Infrared Astronomy – Seeing the Heat : from William Herschel to the Herschel Space Observatory book cover
1st Edition

Infrared Astronomy – Seeing the Heat
from William Herschel to the Herschel Space Observatory

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ISBN 9781482237276
Published November 21, 2014 by CRC Press
290 Pages 109 B/W Illustrations

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Book Description

Uncover the Secrets of the Universe Hidden at Wavelengths beyond Our Optical Gaze

William Herschel’s discovery of infrared light in 1800 led to the development of astronomy at wavelengths other than the optical. Infrared Astronomy – Seeing the Heat: from William Herschel to the Herschel Space Observatory explores the work in astronomy that relies on observations in the infrared. Author David L. Clements, a distinguished academic and science fiction writer, delves into how the universe works, from the planets in our own Solar System to the universe as a whole.

The book first presents the major telescopes in the world of observational infrared astronomy, explains how infrared light is detected through various kinds of telescopes, and describes practical problems that send infrared astronomers to the tops of mountains and their telescopes into orbit and beyond. Much of the book focuses on what infrared astronomers find in their observations. You’ll discover what infrared astronomy reveals about the planets, moons, and other bodies that constitute our Solar System; star formation and stellar evolution; the processes that shape galaxies; and dark energy and dark matter.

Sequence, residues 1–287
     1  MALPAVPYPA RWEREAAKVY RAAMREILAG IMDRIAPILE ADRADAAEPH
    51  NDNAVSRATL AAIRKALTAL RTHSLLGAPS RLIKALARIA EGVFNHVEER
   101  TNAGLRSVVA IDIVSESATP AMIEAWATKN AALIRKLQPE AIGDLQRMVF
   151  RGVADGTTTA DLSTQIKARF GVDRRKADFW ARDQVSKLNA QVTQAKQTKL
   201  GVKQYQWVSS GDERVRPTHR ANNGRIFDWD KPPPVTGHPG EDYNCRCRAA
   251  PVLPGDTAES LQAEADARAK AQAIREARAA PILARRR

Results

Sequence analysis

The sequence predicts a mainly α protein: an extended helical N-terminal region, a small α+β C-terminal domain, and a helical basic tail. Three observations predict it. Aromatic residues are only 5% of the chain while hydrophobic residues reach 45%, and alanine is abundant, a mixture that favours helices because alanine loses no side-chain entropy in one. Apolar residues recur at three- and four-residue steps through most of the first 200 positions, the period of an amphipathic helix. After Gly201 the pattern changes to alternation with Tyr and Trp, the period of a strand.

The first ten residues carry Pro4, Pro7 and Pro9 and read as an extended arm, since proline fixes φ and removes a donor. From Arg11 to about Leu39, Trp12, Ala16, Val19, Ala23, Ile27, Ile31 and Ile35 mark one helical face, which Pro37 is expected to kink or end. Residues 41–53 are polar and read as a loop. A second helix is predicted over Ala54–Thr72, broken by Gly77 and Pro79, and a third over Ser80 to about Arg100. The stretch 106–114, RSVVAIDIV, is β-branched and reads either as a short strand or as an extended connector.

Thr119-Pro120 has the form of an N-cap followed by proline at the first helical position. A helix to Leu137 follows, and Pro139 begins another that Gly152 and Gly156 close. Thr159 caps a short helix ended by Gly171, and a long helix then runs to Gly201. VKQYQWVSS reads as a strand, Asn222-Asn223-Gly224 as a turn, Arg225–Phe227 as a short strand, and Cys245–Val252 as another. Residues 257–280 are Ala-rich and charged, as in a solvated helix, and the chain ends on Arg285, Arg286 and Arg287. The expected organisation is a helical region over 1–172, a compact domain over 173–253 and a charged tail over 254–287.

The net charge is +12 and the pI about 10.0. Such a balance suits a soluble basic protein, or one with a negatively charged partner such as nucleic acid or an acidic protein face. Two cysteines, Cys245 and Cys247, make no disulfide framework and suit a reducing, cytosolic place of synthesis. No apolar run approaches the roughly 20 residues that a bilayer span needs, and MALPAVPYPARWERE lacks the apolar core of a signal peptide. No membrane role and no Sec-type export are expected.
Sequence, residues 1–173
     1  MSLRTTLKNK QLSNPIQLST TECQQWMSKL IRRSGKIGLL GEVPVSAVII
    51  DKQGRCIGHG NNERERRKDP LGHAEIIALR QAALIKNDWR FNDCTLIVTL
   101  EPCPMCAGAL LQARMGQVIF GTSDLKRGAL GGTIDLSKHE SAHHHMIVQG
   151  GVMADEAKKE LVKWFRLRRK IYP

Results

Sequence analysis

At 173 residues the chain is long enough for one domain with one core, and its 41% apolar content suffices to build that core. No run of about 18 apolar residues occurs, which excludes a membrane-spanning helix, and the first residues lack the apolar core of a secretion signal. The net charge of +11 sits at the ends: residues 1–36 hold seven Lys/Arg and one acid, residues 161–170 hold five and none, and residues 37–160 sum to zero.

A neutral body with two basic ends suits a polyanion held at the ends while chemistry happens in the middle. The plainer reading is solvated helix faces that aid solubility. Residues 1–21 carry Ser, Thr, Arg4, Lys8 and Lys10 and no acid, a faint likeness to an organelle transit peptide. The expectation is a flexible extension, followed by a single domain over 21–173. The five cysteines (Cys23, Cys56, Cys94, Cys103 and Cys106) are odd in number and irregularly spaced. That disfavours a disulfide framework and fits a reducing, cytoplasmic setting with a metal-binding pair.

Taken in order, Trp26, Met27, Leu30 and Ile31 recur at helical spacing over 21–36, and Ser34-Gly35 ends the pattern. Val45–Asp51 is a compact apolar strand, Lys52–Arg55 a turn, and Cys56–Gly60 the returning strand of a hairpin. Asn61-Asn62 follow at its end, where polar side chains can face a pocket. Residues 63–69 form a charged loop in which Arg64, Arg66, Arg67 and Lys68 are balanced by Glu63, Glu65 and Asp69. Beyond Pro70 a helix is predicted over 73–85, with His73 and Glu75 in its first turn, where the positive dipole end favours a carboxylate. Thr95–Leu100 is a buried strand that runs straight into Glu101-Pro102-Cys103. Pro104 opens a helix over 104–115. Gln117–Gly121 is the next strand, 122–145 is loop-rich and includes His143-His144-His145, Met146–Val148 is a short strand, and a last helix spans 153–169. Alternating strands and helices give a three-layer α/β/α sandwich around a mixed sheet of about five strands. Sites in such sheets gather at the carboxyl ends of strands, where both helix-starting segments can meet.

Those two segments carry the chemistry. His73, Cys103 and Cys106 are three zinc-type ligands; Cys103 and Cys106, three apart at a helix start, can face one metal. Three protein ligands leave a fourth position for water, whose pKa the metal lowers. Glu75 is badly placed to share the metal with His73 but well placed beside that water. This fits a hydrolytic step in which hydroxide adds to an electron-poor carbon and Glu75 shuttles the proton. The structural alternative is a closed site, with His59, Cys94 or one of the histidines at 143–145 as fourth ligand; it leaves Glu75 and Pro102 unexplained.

Infrared astronomy has revolutionized our understanding of the universe and has become essential in studying cosmology. Accessible to amateur astronomers, this book presents an overview of the science and technology associated with infrared astronomy. With color figures, it shows you how infrared astronomy provides insights into the workings of the universe that are unavailable at other wavelengths.

Table of Contents

Finding the Heat


William Herschel Discovers the Infrared

The Electromagnetic Spectrum

Thermal Radiation

Emission Lines

Telescopes, Backgrounds, and the Atmosphere

Feeling the Heat

Introduction: The Pastie Detector

The History of Astronomy is the History of Detection

Eyeballs to Chips

Into the Infrared

Longer Wavelengths

The Enemy: What Gets in the Way

Local Heat

Introduction: Observing SL9 at Calar Alto




Interplanetary Dust

Heat of the Stars


The Main Sequence

Remnants of Planet Formation

Ageing Stars: Mass Loss

Stellar Death


Young Heat


Star Formation: Background

Star Forming Regions

Young Stellar Objects

Planet Formation

Distant Heat

Introduction: The Mauna Kea Experience

Next-Door Neighbours

The Normal Universe

The AGN Connection

The IRAS Revolution

Ancient Heat

Introduction: Launch Day

Galaxy Evolution

The Cosmic Infrared Background